The Limits of Codes of Professional Conduct and the Value of a Lawyer Following Their Own Conscience: Lessons From Atticus Finch
“Is it or is it not an ethical dilemma?” “Does such a behaviour violate the ethical rules in the Rules of Professional Conduct?” These are questions that we students were asked each day in our Professional Responsibility class. However, day after day, we were often unable to reach a conclusive answer to a myriad of ethical dilemmas. I found myself often pondering why it was often so difficult to reach a conclusive answer to an ethical issue.
As law students, we are trained to unfailingly following rules, such as the Law Society of Upper Canada’s Rules of Professional Conduct, and fitting our professional lives into these rules. Interestingly, however, in Harper Lee’s To Kill a Mockingbird, the infamous Atticus Finch primarily relies on one rule above all others, a rule that is not given prevalence in our Rules: always follow your conscience. Is it possible, then, that sometimes we are unable to reach an answer because we have become so obsessed with finding the answer in the Rules that we forget to reflect on our own conscience, our own sense of right and wrong?
Many lawyer codes of professional conduct encourage a divorcing of a lawyer’s personal convictions from their professional responsibilities. However, Harper Lee’s portrayal of Atticus Finch encourages the notion that such codes are not always a feasible guide to legal ethical dilemmas, nor are they the “be-all and end-all” of what it means to be a professionally responsible lawyer. Rather, while codes of professional conduct are often a useful guide, sometimes ethical situations arise in which the solution cannot be found by solely relying on outside forces – like a professional code of conduct— for the answer. Sometimes, the most fruitful way to solve a dilemma is to rely on our own conscience and have faith in ourselves to do the right thing.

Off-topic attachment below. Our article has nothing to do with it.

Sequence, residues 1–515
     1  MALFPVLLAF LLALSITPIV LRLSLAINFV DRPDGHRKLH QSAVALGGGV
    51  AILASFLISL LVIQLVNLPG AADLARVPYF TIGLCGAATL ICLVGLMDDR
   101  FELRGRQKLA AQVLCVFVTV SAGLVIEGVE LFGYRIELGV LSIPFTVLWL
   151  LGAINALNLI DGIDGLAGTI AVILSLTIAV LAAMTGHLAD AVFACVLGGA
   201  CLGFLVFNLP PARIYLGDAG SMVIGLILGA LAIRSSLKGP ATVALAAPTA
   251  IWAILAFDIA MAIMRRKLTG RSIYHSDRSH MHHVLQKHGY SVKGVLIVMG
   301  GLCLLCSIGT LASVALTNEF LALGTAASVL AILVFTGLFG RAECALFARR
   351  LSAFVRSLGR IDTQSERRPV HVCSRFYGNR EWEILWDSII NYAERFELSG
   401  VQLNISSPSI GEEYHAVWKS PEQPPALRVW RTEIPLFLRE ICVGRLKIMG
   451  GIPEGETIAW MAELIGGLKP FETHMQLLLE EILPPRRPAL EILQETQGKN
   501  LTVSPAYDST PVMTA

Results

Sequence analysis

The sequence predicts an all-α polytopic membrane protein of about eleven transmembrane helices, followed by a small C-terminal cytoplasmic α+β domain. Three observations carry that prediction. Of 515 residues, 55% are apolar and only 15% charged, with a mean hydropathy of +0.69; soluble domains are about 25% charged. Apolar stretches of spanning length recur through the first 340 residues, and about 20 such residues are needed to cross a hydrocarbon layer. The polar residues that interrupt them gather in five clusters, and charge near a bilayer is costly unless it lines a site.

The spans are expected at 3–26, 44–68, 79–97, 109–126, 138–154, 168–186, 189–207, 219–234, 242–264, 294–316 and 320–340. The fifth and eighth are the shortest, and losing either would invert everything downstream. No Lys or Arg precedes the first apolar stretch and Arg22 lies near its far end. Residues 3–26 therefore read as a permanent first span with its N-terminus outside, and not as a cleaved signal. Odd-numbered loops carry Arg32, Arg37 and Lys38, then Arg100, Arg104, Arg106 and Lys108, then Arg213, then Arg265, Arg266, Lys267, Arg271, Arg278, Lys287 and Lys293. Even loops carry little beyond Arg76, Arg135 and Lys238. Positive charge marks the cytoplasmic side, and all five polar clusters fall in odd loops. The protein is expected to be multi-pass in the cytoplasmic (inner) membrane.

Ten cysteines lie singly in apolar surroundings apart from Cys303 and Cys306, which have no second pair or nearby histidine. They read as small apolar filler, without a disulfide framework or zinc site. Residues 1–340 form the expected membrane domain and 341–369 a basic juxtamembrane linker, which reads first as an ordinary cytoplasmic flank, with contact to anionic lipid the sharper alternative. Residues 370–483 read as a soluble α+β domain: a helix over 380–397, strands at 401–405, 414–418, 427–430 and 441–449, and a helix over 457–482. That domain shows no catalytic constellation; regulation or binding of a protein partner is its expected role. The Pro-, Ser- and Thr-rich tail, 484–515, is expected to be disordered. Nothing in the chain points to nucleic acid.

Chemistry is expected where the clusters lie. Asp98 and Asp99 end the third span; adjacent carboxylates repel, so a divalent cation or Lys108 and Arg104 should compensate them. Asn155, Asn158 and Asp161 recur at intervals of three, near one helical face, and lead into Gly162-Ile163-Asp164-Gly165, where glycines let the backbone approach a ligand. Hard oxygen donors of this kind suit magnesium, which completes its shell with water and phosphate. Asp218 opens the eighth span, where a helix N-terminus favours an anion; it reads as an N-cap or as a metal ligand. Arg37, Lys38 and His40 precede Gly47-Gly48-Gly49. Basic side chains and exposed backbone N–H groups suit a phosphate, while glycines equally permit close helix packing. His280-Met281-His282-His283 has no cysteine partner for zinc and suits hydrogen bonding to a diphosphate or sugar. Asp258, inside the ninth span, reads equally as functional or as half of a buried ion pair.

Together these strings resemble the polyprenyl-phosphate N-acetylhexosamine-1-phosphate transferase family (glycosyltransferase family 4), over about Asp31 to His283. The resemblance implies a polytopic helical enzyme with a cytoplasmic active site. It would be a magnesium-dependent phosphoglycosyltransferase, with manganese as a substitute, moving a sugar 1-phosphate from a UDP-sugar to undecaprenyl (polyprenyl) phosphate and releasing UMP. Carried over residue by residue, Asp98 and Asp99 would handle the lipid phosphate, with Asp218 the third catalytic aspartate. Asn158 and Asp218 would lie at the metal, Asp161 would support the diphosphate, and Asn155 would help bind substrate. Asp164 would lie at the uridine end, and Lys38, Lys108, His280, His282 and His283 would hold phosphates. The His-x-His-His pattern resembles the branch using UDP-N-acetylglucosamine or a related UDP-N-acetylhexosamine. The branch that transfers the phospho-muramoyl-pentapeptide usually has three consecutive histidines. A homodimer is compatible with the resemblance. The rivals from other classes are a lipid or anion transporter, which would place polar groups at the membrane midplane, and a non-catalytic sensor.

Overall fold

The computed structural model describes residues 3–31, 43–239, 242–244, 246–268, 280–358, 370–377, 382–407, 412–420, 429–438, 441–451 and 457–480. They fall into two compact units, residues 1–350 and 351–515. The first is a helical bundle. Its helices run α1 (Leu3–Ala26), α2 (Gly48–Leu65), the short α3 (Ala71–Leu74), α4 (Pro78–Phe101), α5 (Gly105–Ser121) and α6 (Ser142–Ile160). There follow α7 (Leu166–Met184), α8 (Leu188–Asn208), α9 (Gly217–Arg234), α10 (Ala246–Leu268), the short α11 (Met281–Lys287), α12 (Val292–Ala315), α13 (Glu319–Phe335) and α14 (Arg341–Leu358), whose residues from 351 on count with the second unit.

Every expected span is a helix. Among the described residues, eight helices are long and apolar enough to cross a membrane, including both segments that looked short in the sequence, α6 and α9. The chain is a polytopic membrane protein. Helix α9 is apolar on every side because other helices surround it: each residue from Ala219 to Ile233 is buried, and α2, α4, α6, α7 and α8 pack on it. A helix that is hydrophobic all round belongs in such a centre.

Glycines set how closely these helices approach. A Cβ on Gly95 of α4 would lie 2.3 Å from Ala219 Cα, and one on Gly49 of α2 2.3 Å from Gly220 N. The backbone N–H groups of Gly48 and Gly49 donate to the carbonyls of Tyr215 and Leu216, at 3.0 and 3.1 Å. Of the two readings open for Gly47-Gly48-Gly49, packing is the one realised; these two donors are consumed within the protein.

The Case of Tom Robinson
A key principle commonly discussed when it comes to lawyer-client relationships is making sure to separate one’s personal life and beliefs from their professional relationships with their clients. In many respects, our Rules reflect this principle, as they do not promote a lawyer’s personal convictions of morality or ethics guiding their legal work. There is no mention in the Rules, for example, of the words “empathy” or “compassion,” two often very strong personal morals. Instead, the Rules attempt to create a sense of “professional” ethics which is separate from one’s personal ethics. For example, commentary two of rule 7.2-1 cautions against lawyers having their judgment “clouded by emotional factors.” Similarly, commentary two of rule 5.6-1 cautions lawyers about how they must be careful with how their “public” and non-professional life – which to me includes their personal convictions –may negatively impact the administration of justice.
As we see throughout the novel, Atticus does not separate his personal morals from his professional responsibilities when it comes to his professional relationships. Instead, he amalgamates them. He lets his own sense of what is right and wrong guide him through his professional responsibilities. In the words of Miss Maudie “Atticus Finch is the same in his house as he is on the public streets.” Scout echoes this observation when she later says, “He’s the same in the courtroom as he is on the public streets.”
We see Atticus’s morally driven approach to his lawyer-client relationship with Tom Robinson. Despite having been appointed by Judge Taylor to represent Tom, Atticus comes under fire for following through with Tom’s defence, both because Tom is a black man and because he is accused of raping a white woman– a capital crime. In one scene, for example, Atticus’s daughter Scout overhears two townsfolk talking about Atticus’s case in which the first man says: “You know the court appointed him to defend this nigger?” to which the other responds, “Yeah, but Atticus aims to defend him. That’s what I don’t like about it.”
Despite the criticisms, Atticus does not listen to external forces when it comes to his defence of Tom, but is driven by his own moral code and conscience. Despite the criticisms, if he did not zealously defend Tom he says, “I couldn’t hold my head up in town, I couldn’t represent this country in the legislature, I couldn’t even tell you or Jem not to do something again.” To him, Tom’s case “is something that goes to the essence of a man’s conscience” and while he believes everyone is entitled to their opinions as to what he should do, he says, “before I can live with other folks I’ve got to live with myself. The one thing that doesn’t abide by majority rule is a person’s conscience.” Atticus does not let anything – not the opinions of others, not his perceived professional duty as a lawyer – dissuade him from his conscience telling him that he must give Tom a proper defence.